The European Central Bank (ECB) is gearing up to buy “simple, transparent, and real” asset-backed debt. The success of its bid to breathe life into the market will depend on how regulators from Basel to Brussels define those terms.
President Mario Draghi said last month that ECB purchases of asset-backed securities (ABS) “would lead to a reconstruction of a market that has disappeared with the crisis,” and that’s why they will focus on products that are easy to price. The ECB, whose Governing Council meets this week, may start buying ABS as part of a quantitative-easing (QE) program aimed at shoring up a euro-area economy that’s edging closer to deflation.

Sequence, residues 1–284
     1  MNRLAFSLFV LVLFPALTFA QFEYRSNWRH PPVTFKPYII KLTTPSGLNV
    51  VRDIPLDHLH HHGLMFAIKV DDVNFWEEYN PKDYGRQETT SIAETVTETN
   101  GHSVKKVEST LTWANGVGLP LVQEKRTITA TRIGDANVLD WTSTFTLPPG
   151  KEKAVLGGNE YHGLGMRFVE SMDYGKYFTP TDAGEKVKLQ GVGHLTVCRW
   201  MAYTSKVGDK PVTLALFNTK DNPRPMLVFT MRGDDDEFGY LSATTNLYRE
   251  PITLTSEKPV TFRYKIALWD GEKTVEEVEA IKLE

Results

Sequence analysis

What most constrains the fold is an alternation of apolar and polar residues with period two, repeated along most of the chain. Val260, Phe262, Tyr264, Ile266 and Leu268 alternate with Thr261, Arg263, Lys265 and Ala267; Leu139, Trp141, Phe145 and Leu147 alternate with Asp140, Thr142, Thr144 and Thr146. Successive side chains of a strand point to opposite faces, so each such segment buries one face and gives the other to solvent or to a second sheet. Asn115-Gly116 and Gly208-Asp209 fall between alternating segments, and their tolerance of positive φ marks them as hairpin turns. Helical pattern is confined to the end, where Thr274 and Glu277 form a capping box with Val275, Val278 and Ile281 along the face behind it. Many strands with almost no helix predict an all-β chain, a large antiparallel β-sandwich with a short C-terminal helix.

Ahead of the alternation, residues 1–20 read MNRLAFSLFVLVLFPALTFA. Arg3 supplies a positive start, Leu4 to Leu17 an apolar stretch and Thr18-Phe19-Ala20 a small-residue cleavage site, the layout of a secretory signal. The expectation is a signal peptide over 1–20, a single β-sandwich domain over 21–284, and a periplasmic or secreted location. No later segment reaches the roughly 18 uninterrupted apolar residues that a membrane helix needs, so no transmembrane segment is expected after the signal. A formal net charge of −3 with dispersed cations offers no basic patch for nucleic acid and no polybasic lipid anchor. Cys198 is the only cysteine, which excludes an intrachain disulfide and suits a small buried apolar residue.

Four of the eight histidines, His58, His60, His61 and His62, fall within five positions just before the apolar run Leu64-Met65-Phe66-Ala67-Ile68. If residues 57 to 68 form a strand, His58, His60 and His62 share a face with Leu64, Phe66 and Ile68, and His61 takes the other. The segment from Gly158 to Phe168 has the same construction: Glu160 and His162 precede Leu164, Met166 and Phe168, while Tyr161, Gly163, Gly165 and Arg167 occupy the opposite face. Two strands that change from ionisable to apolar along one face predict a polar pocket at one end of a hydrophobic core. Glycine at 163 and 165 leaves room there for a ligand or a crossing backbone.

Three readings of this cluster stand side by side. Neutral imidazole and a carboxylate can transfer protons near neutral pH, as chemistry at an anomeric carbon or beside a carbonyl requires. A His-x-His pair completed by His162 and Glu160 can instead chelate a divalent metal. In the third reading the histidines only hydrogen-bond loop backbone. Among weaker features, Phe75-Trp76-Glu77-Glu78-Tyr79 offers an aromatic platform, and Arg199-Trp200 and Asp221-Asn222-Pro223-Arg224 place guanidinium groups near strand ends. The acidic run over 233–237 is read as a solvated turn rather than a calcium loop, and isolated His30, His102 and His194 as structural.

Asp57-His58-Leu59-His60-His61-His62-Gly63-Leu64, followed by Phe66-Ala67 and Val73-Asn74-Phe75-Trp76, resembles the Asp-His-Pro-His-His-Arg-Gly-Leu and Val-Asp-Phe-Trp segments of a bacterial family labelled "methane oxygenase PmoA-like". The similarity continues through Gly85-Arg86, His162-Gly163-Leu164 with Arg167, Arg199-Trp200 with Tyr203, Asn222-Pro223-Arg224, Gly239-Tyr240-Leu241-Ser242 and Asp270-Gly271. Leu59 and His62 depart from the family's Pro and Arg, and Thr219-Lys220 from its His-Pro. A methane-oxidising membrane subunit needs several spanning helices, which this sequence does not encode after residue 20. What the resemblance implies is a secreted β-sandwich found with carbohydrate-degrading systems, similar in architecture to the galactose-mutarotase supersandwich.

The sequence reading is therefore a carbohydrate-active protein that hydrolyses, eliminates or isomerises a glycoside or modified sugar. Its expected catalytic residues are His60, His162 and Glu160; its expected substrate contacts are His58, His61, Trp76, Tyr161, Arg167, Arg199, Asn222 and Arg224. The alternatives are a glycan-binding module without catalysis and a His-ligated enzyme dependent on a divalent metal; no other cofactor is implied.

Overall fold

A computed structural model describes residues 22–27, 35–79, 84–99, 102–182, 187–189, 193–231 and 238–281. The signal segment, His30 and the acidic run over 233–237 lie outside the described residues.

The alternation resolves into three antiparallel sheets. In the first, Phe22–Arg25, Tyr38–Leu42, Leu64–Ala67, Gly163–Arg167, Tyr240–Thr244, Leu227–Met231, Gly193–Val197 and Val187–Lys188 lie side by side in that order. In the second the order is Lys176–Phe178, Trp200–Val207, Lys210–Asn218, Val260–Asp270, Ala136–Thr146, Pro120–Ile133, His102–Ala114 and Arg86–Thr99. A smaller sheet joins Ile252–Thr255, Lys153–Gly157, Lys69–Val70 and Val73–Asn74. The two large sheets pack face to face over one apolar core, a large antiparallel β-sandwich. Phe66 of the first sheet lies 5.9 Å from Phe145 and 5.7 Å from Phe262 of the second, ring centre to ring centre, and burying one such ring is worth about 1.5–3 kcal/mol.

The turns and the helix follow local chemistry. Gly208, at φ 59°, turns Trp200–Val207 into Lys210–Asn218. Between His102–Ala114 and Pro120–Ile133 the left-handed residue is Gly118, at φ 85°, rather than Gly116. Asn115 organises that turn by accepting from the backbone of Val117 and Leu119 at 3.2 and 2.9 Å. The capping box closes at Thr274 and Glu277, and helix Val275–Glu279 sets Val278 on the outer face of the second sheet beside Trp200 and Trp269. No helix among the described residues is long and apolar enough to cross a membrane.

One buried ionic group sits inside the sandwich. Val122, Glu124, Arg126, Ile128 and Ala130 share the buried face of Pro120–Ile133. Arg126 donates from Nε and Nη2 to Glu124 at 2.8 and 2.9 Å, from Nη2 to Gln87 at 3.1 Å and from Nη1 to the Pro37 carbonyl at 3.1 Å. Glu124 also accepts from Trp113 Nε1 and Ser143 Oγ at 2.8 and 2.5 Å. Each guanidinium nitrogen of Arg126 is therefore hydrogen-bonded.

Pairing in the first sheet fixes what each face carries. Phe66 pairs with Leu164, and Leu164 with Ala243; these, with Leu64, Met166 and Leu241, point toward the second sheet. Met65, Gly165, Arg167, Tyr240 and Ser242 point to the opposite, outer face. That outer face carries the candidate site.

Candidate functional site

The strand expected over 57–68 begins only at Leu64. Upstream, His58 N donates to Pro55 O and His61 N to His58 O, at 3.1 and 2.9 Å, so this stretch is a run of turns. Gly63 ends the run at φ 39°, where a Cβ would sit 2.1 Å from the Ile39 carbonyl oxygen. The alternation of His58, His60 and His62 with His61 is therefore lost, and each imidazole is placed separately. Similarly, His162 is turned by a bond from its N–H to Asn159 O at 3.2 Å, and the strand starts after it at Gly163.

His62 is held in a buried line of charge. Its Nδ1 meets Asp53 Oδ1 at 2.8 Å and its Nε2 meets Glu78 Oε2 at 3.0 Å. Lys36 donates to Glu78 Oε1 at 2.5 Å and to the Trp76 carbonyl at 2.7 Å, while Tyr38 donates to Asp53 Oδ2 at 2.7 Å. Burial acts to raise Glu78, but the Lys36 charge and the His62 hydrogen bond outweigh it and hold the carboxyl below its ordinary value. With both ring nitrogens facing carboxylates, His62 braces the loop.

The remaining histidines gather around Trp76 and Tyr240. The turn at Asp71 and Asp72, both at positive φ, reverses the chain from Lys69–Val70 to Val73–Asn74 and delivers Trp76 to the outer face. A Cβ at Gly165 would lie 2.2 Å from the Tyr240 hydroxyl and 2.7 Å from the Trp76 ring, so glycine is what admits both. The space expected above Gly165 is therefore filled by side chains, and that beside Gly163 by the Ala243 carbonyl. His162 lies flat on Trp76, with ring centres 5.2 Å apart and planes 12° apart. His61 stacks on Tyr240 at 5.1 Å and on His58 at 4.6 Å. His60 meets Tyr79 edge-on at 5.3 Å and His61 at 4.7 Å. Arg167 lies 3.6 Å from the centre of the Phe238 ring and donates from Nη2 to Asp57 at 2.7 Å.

The European Commission, the EU’s regulatory arm, wants “securitization products to be part of the toolbox that will unlock additional sources of funding to the real economy, but only in ways that raise no financial stability concerns,” said EU financial-services chief Michel Barnier.
“The first step is to define criteria by which we can identify safe, high-quality securitization structures and products, thereby differentiating between good and bad securitization,” he said.